• In Vaishnava versions Vishnu just touches Shiva's feet to tickle him so he'll bend down and Vishnu can touch his head and win.

But the most important difference for our purposes is that in most versions, Kala Bhairava actually does cut off Brahma's fifth head rather than showing mercy, and Shiva does not actually put any curse on Brahma. (In fact in these versions the opposite happens: Brahma puts a curse on Kala Bhairava that he'll be a vagabond.)

In any case, the more common justification for why Brahma isn't worshiped actually comes from another story, one recounted in many places, for instance in this excerpt from the Uttara Kanda of the Padma Purana. (I described it earlier in this answer.) A group of sages were conducting a yagna (ritual) on the banks of the Saraswati river, when they started to wonder (on the prompting of Narada) which god to dedicate the ritual to. So they sent sage Bhrigu (famous for his short temper) to test which god out of Brahma, Vishnu, and Shiva was most worthy. When he went to see Brahma, he put his hands together to salute Brahma. But Brahma was too proud to honor Brighu in any way, so outraged by this disrespect Brighu cursed Brahma that he would no longer be allowed to be worshiped. (By the way, if you're interested Vishnu was the one who ultimately won the test, although it had major ramifications that led to the story of Tirupati Balaji, AKA Venkateshwara.)

  • 1
    Story of Shiva appearing as "Linga" can never be interpolation. The time Shiva appeared as Linga is called "Nishita Kaalam" and the most auspicious muhurtam. May be you should feel it during Maha Siva Rathri. – The Destroyer Mar 13 '16 at 6:17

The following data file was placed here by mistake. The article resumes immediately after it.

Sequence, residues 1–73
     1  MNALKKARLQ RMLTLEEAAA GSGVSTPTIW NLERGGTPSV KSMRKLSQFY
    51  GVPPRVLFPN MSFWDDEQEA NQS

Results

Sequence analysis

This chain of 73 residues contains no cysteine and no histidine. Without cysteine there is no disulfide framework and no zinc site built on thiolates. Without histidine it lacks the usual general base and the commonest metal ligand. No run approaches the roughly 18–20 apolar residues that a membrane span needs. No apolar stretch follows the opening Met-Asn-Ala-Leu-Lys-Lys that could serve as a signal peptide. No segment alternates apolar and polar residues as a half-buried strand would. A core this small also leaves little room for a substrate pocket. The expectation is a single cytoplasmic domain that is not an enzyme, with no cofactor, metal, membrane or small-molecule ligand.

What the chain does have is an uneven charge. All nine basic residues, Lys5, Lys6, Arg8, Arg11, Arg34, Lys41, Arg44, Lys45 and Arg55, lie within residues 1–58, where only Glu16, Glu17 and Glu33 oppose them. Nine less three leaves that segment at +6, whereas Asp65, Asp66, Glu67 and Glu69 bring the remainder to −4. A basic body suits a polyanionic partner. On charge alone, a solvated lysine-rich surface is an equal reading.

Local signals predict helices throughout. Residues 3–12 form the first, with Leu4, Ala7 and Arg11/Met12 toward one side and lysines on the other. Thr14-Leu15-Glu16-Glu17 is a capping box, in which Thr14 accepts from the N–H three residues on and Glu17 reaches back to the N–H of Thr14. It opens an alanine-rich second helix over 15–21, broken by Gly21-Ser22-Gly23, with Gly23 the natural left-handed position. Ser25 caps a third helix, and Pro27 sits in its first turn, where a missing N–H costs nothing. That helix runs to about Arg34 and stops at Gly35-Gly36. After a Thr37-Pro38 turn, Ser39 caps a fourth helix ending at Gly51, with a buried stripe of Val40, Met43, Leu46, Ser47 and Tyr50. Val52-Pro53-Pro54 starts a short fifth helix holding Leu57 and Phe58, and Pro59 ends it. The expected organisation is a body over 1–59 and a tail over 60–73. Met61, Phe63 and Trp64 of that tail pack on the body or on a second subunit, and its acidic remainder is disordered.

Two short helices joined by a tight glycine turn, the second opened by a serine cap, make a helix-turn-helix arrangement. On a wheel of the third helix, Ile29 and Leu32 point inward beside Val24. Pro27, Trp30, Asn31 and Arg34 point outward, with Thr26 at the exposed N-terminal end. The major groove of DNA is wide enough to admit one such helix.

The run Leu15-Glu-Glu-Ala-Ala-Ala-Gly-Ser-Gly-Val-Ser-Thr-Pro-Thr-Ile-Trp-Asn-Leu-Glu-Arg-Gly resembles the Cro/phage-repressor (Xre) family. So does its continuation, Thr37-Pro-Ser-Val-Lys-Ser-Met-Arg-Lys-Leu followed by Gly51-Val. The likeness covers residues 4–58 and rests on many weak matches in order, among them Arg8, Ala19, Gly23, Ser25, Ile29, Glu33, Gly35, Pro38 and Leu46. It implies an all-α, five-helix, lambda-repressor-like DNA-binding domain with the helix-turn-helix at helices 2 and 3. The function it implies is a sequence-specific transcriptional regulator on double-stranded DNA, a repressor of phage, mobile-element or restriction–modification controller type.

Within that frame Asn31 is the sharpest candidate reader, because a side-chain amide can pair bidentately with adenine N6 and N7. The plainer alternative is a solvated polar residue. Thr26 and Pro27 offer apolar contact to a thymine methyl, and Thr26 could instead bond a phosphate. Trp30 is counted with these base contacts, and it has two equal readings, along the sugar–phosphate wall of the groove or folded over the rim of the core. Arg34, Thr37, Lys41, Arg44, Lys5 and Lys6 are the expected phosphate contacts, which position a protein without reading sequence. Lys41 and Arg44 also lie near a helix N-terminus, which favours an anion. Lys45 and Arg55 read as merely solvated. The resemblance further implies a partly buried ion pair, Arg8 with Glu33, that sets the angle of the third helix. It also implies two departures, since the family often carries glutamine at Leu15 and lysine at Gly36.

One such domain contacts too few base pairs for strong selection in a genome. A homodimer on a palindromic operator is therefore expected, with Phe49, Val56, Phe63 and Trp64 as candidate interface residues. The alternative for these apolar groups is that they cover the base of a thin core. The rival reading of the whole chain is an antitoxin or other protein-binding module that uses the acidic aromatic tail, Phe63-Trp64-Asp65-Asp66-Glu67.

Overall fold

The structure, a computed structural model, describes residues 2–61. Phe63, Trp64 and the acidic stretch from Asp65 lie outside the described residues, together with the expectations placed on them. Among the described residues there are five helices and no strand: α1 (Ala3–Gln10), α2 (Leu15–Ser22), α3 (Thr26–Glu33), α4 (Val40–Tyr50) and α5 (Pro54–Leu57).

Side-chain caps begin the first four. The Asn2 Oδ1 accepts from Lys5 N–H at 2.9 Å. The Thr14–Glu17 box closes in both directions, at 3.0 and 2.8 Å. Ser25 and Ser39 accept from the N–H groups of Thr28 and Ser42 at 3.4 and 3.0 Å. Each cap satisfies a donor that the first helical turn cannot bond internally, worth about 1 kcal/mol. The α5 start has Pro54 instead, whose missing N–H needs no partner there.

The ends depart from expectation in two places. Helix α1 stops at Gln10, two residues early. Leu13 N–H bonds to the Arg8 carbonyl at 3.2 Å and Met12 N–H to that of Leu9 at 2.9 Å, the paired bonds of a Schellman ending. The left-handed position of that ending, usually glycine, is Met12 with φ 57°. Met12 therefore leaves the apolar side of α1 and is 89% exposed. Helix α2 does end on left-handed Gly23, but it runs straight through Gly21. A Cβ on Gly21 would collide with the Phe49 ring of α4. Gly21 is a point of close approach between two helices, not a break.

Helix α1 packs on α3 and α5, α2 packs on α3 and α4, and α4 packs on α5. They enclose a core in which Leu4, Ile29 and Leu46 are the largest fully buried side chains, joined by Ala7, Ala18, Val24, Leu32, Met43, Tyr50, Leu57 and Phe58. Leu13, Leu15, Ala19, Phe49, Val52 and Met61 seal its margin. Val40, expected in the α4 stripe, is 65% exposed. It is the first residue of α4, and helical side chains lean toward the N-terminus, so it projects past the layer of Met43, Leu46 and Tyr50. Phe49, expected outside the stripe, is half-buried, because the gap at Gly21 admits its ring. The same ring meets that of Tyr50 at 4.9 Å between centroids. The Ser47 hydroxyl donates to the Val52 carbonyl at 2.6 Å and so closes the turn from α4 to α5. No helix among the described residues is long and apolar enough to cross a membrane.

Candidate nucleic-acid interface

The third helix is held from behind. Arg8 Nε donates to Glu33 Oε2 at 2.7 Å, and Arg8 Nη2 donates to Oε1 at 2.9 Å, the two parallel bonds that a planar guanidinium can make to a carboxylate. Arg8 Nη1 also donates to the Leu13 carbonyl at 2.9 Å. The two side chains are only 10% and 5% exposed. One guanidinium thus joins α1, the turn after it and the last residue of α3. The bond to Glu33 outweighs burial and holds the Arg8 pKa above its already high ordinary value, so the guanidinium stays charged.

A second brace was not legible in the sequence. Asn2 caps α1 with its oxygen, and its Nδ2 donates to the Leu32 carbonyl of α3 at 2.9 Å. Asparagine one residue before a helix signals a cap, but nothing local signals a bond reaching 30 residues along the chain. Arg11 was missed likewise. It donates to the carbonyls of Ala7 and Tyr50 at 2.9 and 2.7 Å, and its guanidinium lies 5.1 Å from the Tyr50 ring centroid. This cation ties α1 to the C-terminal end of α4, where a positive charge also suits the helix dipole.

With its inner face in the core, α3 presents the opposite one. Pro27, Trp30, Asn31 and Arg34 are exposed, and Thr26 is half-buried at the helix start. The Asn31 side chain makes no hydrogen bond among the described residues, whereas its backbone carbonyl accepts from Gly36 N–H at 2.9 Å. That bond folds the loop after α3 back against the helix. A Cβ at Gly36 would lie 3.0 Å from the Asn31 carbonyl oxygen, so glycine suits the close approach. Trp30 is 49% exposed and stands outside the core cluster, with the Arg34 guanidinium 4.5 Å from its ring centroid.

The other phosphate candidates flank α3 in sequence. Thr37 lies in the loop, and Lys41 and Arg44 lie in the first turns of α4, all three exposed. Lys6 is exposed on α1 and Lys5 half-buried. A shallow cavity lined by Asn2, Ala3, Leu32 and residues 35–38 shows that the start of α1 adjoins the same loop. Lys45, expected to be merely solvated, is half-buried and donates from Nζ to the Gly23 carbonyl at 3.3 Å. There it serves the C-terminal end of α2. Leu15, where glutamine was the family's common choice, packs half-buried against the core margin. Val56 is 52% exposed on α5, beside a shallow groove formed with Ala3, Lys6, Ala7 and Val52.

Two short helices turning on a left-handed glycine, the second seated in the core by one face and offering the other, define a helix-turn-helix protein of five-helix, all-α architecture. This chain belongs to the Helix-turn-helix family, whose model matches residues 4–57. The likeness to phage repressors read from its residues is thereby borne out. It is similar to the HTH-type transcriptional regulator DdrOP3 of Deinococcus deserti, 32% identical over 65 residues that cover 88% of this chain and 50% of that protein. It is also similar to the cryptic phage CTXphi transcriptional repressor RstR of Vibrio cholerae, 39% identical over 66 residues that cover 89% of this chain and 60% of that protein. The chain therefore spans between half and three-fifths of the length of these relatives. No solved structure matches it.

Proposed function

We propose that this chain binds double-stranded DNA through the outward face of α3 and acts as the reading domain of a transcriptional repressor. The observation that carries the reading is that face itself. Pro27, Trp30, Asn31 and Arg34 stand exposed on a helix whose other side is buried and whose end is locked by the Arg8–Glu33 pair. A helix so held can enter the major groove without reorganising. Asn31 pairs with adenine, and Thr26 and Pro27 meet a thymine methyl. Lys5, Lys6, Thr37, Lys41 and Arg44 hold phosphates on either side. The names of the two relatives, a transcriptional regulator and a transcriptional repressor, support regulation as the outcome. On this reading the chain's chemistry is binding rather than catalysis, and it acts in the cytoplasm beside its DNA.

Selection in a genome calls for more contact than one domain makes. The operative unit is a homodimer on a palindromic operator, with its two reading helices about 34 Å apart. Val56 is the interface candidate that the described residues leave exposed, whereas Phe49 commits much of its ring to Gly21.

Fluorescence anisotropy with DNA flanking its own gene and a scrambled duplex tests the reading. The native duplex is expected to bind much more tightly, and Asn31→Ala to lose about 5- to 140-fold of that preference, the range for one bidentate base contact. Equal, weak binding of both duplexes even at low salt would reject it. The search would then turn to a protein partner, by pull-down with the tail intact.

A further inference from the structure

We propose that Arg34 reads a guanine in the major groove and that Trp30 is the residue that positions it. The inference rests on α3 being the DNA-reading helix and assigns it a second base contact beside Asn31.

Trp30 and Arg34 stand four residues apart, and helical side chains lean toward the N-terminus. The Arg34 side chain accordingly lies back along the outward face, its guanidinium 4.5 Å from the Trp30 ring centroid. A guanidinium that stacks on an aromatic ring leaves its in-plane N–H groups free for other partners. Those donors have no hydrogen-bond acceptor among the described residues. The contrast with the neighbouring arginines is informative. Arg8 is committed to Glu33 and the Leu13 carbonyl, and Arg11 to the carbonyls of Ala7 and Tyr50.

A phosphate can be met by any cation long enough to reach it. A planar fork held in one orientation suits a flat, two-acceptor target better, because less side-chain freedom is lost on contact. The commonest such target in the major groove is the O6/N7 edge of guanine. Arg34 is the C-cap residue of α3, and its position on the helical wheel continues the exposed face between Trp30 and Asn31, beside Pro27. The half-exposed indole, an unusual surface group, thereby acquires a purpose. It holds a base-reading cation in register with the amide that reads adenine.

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    @AnilKumar To be clear, I definitely believe that the general story of Shiva appearing as a Jyotirlinga in Arunachala and Brahma and Vishnu's contest is a true story, I just think that the particular version of the story given in the Siva Purana is an interpolation. And I don't think that Shiva appearing as a Linga is the reason that Brahma is no longer worshipped. – Keshav Srinivasan Mar 13 '16 at 6:56
  • Do you believe that Shiva cursed Brahma alone is interpolation? Do you believe in Savitri's curse as reason for not worshiping Brahma? Then how did Brahma lost his fifth head? – The Destroyer Mar 13 '16 at 10:00
  • @AnilKumar I think the entire story is an interpolation in the Shiva Purana, which does not mean that it is a false story. I think that it's a true story (at least in broad strokes), but it's not a story that was originally included in the Shiva Purana. I think Bhrigu's curse is the reason that Brahma is no longer worshipped. But I do think that Kala Bhairava cut off Brahma's fifth head. – Keshav Srinivasan Mar 13 '16 at 16:58